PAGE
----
Author: Elena Galevska
In a nutshell, the employee share ownership plan (ESOP) is a leveraged buyout mechanism that leads to employee ownership. Given that the employees of the company are the only group of people who have a natural self-interest in the long-term success of the company the local community and the local environment, ESOPs bring a lot of other positive effects such as:
– Decreasing negative externalities and increasing environmental sustainability by aligning the interests between owners of businesses and the local community,
– Providing disincentives for rural depopulation and brain-drain,
– Decreasing economic inequality, especially wealth inequality which occurs everywhere, even in countries where the income inequality isn’t as significant,
– Increasing productivity, crisis resilience, decreasing employee turnover, improving organizational affiliation,
– Bringing a more democratic structure to the workplace.
But how did the ESOP mechanism come to be?
The ESOP model was initially created by Louis Kelso, an American lawyer who had long held the opinion that employees are the only logical group of heirs of organizations, thus they should buy out the company they work for.
Noticing that very few people in the US owned capital, while the rest relied only on their labour for money-making, he came up with an innovative buyout mechanism based on using the future labour of workers to finance the buyout of companies, essentially making the workers capital-owners.
Becoming owners and reaping the benefits that come with ownership makes sense as they were the ones working towards the firm’s success in the past and they will continue building its future. Kelso is deemed the father of the employee share ownership plan because he was the one who generated the novel idea of getting a wider group of people into ownership and lobbied several politicians and other influential people to adopt it.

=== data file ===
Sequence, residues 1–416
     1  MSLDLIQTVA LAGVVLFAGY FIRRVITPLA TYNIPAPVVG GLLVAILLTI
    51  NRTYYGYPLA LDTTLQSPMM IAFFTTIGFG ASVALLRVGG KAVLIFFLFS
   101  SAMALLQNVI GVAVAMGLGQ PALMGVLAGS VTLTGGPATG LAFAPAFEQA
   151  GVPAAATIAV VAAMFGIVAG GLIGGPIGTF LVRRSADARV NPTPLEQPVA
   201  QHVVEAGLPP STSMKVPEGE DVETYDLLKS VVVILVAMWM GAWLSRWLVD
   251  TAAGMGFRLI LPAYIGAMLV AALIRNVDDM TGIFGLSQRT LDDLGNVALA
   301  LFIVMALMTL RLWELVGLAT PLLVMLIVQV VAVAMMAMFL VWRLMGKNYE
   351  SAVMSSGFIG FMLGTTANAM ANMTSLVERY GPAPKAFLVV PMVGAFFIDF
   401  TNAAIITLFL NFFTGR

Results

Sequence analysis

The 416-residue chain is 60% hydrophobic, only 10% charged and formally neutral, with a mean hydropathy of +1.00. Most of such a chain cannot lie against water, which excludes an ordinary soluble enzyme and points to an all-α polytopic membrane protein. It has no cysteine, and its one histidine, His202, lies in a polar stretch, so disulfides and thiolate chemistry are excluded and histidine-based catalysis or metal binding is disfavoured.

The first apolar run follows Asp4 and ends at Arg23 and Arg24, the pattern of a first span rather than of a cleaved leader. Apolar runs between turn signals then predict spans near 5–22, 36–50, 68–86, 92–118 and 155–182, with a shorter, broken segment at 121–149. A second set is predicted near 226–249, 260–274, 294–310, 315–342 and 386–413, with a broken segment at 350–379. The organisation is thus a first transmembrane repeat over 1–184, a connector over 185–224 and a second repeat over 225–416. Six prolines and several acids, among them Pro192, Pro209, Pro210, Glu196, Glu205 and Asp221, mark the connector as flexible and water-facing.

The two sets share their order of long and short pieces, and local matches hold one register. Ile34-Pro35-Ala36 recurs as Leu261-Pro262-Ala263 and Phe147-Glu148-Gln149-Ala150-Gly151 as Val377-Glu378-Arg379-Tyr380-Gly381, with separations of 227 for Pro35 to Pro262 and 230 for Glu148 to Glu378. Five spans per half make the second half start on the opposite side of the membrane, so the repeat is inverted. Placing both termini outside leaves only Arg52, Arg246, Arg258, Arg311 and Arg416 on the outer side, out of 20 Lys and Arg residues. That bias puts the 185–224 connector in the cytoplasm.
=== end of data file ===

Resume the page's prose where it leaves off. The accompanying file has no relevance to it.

Among the most significant supporters of the ESOP model was Senator Russel Long, who greatly contributed to the wide popularity of the ESOP by including an incentive for company owners to choose the model. Namely, besides helping to pass the needed legislation and regulation, he also lobbied that the tax system allows deferral of taxes on the sale of private shares to an ESOP, making the transition more attractive.
Nowadays, ESOPs cover around 14 million workers across the United States, which is roughly 10% of the private workforce, while the number of European ESOPs is significantly lower. On this continent, employee ownership is developed mostly in Great Britain, but only after they passed an act supporting employee ownership trusts in 2014. Other European success stories can be found in Spain and Italy, where the legislation has also been adapted to the needs of the cooperative movement. This shows, among other things, the importance of the legislative framework as a success factor in ESOP creation.
That’s why the Institute for Economic Democracy has worked hard on drafting the legislative framework because having the legal rules for establishing an ESOP along with tax incentives would increase the interest and conversion of companies to ESOPs. If you want to support our purpose of passing the ESOP legislation, please feel free to contact us at: [email protected]